Ariana Lindenfelser’s artistic voice was quietly humming along through realistic portrait paintings until one of her professors suggested she write a statement based on her blog and then create art from that.
Her blog, redfoxinbootz.com, was a curated stream of images and Gifs Lindenfelser found online.
Upon review, Lindenfelser noted recurring themes of powerful but nonthreatening female sexuality; violent images that were also beautiful (ie the cut up fish that’s innards were a near-sublime color blue); hip-hop references to excess; and, yes, cowboys.
Suddenly everything clicked and her artistry started to sing. Or, maybe, rap.
Voila, her senior thesis show, which opens this week. Two words inspired “Then Came the Cowboys, the Nightclubs, and a Life of Glamour and Opulence” — “Ride” and “Money.”
The appealing paintings are comments on the various meanings of these two words in our history and in pop culture, particularly hip-hop culture today. The images interestingly hover between demonization and idolization of materialism. They are titled by recognizable sayings — “Ride it Out,” “One for the Money, Two for the Show,” “Hold your Pretty Horses,” “This isn't your First Rodeo.” (That last painting is of an iconic virgin surrounded by a halo of expensive show horses.)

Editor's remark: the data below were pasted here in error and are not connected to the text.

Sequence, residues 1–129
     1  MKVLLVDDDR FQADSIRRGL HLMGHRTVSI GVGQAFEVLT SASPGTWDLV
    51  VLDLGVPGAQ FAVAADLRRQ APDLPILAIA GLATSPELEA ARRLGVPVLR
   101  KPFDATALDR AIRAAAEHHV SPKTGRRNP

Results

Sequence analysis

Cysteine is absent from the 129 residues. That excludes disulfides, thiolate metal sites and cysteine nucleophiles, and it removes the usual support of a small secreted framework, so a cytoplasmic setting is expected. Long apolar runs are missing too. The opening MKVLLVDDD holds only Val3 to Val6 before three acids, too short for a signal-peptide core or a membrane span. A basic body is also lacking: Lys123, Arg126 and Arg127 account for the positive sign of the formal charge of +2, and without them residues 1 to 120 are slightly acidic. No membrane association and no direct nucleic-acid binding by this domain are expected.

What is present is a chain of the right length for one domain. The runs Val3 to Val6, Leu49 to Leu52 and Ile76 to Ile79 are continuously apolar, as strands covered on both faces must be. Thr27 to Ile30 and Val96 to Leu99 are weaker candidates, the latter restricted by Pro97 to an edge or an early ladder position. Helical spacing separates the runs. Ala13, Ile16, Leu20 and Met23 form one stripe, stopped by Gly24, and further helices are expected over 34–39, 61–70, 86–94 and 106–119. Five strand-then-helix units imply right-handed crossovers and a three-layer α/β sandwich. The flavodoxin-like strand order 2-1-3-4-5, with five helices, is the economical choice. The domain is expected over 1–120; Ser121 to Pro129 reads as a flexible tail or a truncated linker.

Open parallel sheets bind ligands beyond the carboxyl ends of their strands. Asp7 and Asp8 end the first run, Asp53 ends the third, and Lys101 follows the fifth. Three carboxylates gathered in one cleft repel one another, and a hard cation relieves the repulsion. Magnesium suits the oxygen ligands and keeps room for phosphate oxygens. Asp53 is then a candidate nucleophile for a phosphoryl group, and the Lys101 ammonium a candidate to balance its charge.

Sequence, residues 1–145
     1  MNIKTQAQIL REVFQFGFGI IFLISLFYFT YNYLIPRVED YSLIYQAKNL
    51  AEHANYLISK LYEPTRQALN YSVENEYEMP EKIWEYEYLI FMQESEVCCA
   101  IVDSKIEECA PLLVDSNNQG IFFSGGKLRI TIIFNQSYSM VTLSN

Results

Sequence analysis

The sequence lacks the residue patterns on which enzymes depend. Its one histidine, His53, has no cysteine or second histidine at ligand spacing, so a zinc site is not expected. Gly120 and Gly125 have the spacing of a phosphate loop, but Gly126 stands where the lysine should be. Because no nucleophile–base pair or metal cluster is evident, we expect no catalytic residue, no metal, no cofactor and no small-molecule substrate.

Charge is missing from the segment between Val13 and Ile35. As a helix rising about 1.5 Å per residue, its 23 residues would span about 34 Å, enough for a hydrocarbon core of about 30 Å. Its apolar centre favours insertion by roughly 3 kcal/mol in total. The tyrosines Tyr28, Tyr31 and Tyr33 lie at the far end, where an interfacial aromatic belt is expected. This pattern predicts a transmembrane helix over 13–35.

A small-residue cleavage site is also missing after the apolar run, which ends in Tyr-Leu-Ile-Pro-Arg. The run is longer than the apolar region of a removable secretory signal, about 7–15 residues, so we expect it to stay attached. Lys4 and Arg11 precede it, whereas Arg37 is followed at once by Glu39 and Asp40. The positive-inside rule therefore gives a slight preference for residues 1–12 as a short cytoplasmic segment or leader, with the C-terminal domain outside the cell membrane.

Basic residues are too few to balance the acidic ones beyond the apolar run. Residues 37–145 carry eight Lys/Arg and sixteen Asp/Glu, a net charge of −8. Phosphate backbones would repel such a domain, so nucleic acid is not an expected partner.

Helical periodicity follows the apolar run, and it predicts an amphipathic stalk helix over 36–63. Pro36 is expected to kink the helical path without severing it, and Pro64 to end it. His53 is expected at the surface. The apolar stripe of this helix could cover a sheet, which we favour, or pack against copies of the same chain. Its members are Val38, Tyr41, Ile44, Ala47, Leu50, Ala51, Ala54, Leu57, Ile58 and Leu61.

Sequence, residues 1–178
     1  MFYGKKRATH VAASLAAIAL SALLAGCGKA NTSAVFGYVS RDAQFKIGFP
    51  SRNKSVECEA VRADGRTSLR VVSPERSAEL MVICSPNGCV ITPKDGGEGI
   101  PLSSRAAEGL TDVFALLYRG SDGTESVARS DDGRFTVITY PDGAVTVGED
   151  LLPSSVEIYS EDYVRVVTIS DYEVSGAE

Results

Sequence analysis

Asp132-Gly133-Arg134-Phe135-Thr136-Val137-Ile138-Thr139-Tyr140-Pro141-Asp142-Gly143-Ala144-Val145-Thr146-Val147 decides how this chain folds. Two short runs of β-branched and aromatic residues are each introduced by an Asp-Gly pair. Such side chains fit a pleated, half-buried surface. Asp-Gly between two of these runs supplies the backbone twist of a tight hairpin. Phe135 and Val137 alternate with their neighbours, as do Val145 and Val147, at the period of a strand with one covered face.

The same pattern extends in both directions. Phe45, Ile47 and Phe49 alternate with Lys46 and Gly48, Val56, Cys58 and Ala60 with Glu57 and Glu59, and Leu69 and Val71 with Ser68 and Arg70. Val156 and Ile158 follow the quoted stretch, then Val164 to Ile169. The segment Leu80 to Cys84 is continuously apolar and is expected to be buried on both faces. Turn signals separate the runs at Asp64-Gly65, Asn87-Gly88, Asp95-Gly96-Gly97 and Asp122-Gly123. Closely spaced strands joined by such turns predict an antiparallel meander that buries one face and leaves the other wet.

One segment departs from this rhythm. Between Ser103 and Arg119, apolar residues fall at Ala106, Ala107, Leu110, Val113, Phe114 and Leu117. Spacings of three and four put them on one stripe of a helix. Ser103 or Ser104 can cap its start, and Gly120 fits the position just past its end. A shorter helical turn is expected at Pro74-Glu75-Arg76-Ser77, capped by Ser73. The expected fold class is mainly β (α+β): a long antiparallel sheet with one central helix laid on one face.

The art immerses imagery from the Wild West with that of urban street culture in sweeping pastel swagger. Interesting choice for an affable girl who grew up on Cleveland's right side of the tracks.
“I was an artsy kid in a wealthy area,” she said, admitting that she likes money, a refreshingly honest statement from anyone, especially an art student. “I love things. I like that there are things people have made that I can then own.”
Lindenfelser hasn't noticed a dissonance between embracing wealth while being in art school.
“I think people at this point just take me for how I am,” she said. “I think they can see I've got my s—t together.”
So much so, Lindenfelser has already made a name for herself in the Short North-fashion scene. Better known by her social media and blog handle, Red Fox in Bootz, Lindenfelser works at clothing store/hip hangout Milk Bar and does graphic design work for myriad local brands and hip-hop acts.
Being a socialite doesn't scare the 22-year-old. She applies the term to herself willingly. Her senior thesis show won't be in full effect until closing night, she said; a DJ performance and party will complete the art.
And it's hard not to like her as she genuinely gushes about loving her friends and getting experiences to make even more of them. Lindenfelser and her art aren't really about making money or being famous. They're about a need to live uniquely, fiercely and decked in fake fur and sequins.
“When I grow up,” she said, “I want to be a professional Cheetah Girl.”
Life does not scare Lindenfelser either. In fact, she can't get enough of it.
Photos by Meghan Ralston